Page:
Published On: Tue, Jun 16th, 2015

Child Marriage Increasing In Nigeria – UNICEF


As Nigeria joins the rest of Africa to celebrate this year’s Day of African Child, the United Nations Children Fund (UNICEF) has disclosed that child marriage is increasing in Nigeria.

It quoted the Multiple Indicators Cluster Survey (MICS 4) 2011, which shows that there is a five per cent increase in the number of girls married before age 15. It was 13 per cent in 2007 and that MICS 2011 indicates it is now 18 per cent.

The agency said this year’s celebration of the Day of the African Child, which has as it’s theme, “25 Years after the Adoption of the African Children’s Charter: Accelerating our Collective Efforts to End Child Marriage in Africa,” is timely.

In a statement made available to LEADERSHIP yesterday in Abuja, UNICEF’s communications specialist, Geoffrey Njoku noted that child marriage denies children the attainment of their human rights as children.

“It erodes the child’s rights to life, good health, education and dignity. Studies link child marriage to maternal mortality, school drop-out, virginal fistula (VVF) condition and malnutrition among others.”

According to him, UNICEF believes that investments in girls’ education and getting more girls’ into school delays marriage and impacts the incidence of child marriage.

UNICEF representative in Nigeria, Jean Gough said that “Girls’ education is vital because educated girls become better mothers, have fewer and healthier children and more empowered.”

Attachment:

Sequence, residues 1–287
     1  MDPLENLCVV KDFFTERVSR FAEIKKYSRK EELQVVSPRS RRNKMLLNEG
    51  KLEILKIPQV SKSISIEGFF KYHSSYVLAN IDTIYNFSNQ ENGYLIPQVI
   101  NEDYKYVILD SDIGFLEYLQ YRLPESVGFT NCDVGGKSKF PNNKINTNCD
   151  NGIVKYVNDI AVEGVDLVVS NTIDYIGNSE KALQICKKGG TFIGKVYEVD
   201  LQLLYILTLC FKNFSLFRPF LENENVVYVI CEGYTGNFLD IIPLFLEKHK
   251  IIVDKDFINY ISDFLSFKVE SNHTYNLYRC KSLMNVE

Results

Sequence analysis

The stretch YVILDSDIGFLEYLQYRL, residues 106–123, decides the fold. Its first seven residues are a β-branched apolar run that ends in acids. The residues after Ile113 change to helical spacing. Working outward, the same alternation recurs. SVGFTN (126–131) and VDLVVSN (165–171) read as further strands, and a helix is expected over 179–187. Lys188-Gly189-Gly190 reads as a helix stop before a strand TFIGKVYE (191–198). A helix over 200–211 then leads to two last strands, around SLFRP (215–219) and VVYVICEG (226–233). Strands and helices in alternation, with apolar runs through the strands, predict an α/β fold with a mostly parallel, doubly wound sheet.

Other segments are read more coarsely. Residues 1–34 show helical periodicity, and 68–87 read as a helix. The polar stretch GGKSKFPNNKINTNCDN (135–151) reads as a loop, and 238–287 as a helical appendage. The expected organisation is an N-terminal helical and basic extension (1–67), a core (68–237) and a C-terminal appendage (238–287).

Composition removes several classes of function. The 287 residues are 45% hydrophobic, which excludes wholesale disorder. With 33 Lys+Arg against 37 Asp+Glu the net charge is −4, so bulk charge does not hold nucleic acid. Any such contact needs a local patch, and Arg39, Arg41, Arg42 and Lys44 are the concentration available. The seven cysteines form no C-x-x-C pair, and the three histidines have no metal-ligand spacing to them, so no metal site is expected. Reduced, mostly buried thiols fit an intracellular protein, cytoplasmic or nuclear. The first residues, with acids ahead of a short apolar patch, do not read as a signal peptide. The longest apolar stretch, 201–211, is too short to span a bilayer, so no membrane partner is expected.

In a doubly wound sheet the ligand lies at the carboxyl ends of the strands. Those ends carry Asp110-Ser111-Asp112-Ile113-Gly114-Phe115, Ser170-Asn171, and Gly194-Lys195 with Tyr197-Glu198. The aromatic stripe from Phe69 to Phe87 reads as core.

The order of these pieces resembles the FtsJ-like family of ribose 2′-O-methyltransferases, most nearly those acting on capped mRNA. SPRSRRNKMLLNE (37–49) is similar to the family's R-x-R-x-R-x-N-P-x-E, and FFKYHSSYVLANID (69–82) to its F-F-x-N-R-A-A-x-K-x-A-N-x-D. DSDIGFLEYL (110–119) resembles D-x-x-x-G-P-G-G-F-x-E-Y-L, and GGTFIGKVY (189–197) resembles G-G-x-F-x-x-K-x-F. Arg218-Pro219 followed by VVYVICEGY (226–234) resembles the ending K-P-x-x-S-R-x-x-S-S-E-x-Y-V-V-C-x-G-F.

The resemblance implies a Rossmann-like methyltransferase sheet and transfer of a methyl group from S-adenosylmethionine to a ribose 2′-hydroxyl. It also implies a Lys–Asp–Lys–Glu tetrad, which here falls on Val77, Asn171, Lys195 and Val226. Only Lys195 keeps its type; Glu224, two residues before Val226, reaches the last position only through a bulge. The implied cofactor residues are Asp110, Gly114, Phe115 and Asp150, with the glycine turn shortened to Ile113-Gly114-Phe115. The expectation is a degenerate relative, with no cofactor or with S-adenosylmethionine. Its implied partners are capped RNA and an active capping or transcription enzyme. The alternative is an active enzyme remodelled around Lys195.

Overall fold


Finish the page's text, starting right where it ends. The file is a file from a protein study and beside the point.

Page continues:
She noted that an educated girl will have a better life, as will her family, “every additional year of schooling delays age at marriage”

According to her, UNICEF is helping the government address the challenge of ensuring that all children especially girls have access to quality education.

Gough disclosed that the Girls’ Education Project, funded by the UK’s Department of International Development (DFID) and implemented by UNICEF, aims to get one million more girls into school by 2020, while at the same time improving the quality of education.

“The project is helping to train female teachers through the female teachers’ service scheme and deploy them to rural areas, where the predominance of male teachers deter many parents from sending their girls to school.”

Another intervention under this project, she says, is the conditional cash transfer scheme which provides cash to girls to help defray some school-related costs like textbooks, uniforms and others.

2,096 total views, 3 views today